Changes in fin whale (Balaenoptera physalus) song over a forty-four year period in New England waters
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Although much marine mammal research has been conducted on whales in the waters surrounding Cape Cod, Massachusetts, little work has been done on the supposed resident fin whale (Balaenoptera physalus) population that resides in this area. Fin whales have three different sounds in their vocal repertoire but a relatively simple song that is composed of long trains of high intensity 20-Hz pulses. Performed only by males, the song may be a reproductive display with song characteristics evolutionarily fixed within populations. In this study, fin whale vocalizations recorded in the area of Cape Cod Bay during the years 1961, 1978, 2001, and 2005 were characterized and compared within years to detect possible divergence in the male song. Reliable comparisons with the earlier data proved difficult because of small sample sizes under the chosen song parameters. However, measurements of inter-pulse interval and song length did vary significantly between the short time span of 2001 to 2005. Mean inter-pulse intervals were shorter in 2001, and song duration was longer within the 2005 recordings. Negative correlations between the center frequency and the song duration, as well as the center frequency and inter-pulse interval were also found. Although we rejected the null hypothesis that song notes and features are fixed and do not change over time, we did discover valuable information regarding the relationships between different features of fin whale song. Based on comparison of the temporal and individual variation observed in our data with those collected on a population in Bermuda, it is unclear whether vocal characteristics are distinct and could be an identifying feature of separate breeding populations.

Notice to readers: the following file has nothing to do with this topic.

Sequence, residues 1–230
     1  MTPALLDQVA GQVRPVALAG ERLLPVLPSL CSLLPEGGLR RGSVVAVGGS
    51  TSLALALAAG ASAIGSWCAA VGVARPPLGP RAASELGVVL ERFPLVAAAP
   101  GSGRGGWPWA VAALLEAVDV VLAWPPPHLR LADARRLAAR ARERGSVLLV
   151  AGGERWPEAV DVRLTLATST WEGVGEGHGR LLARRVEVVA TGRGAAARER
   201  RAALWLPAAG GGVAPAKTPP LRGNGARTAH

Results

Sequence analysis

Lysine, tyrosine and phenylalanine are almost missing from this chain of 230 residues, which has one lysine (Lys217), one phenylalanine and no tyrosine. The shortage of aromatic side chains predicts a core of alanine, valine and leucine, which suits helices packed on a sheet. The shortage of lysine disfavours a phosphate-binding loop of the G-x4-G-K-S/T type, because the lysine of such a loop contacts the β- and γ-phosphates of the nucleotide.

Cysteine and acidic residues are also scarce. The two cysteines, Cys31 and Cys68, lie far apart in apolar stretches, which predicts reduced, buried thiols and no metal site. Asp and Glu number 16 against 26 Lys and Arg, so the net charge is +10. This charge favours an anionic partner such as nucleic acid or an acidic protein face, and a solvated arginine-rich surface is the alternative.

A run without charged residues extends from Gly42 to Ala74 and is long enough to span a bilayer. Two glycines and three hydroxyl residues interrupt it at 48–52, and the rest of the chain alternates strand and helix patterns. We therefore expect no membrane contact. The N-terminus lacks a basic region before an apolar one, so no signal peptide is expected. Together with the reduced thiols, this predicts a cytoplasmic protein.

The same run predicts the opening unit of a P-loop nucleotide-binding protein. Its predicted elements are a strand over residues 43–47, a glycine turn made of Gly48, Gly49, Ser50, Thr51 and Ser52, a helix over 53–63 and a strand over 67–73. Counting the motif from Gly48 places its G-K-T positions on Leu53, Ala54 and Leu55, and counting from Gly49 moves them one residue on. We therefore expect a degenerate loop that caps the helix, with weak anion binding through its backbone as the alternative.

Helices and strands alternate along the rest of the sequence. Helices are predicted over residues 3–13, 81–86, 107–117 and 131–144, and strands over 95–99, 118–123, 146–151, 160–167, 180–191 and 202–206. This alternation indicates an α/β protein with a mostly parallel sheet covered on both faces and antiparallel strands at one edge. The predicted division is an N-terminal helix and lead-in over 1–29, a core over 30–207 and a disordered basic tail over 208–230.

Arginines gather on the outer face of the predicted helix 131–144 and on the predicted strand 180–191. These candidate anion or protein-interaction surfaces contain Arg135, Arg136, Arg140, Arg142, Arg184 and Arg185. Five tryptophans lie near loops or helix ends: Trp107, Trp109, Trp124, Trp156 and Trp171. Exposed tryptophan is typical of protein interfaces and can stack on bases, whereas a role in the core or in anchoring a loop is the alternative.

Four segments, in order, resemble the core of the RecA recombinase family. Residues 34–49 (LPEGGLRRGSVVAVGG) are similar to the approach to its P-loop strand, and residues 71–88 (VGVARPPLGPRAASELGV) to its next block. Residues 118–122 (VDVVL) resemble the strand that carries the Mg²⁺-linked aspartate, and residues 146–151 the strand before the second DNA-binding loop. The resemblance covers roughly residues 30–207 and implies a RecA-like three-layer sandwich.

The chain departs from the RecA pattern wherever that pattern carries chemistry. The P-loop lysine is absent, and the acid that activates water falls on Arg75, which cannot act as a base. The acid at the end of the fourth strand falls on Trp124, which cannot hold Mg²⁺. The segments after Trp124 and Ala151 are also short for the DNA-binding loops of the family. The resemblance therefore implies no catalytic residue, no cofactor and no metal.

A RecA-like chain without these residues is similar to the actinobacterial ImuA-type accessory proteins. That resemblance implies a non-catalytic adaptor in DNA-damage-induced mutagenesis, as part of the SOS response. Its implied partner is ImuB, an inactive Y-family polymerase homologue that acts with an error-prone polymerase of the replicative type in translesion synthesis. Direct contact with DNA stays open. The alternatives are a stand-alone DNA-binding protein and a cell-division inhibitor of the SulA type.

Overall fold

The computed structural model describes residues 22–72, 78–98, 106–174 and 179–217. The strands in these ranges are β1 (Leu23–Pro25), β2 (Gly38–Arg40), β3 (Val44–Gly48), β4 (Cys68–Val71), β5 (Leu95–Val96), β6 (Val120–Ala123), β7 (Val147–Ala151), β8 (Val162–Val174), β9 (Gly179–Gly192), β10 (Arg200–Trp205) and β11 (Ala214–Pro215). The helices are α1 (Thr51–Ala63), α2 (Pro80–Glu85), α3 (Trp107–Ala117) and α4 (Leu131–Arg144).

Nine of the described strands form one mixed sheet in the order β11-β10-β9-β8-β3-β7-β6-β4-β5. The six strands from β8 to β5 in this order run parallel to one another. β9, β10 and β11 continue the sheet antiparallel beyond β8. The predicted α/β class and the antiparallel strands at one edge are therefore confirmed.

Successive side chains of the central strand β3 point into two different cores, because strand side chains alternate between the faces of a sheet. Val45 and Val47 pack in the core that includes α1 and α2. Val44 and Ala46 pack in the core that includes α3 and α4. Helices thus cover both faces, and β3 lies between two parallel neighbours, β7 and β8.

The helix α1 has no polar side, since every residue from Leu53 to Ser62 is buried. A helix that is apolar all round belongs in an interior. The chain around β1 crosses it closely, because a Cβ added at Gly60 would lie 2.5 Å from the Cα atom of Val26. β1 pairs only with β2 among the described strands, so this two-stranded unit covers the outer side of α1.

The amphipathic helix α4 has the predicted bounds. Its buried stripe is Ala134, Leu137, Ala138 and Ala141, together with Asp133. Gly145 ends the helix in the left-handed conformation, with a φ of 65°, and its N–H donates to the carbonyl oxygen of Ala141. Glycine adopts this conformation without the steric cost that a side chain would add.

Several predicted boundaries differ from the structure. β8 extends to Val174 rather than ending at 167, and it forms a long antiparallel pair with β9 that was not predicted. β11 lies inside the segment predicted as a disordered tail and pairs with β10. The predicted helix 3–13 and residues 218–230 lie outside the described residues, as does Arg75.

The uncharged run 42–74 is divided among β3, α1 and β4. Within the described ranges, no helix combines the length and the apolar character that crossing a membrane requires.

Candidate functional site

dissertation or thesis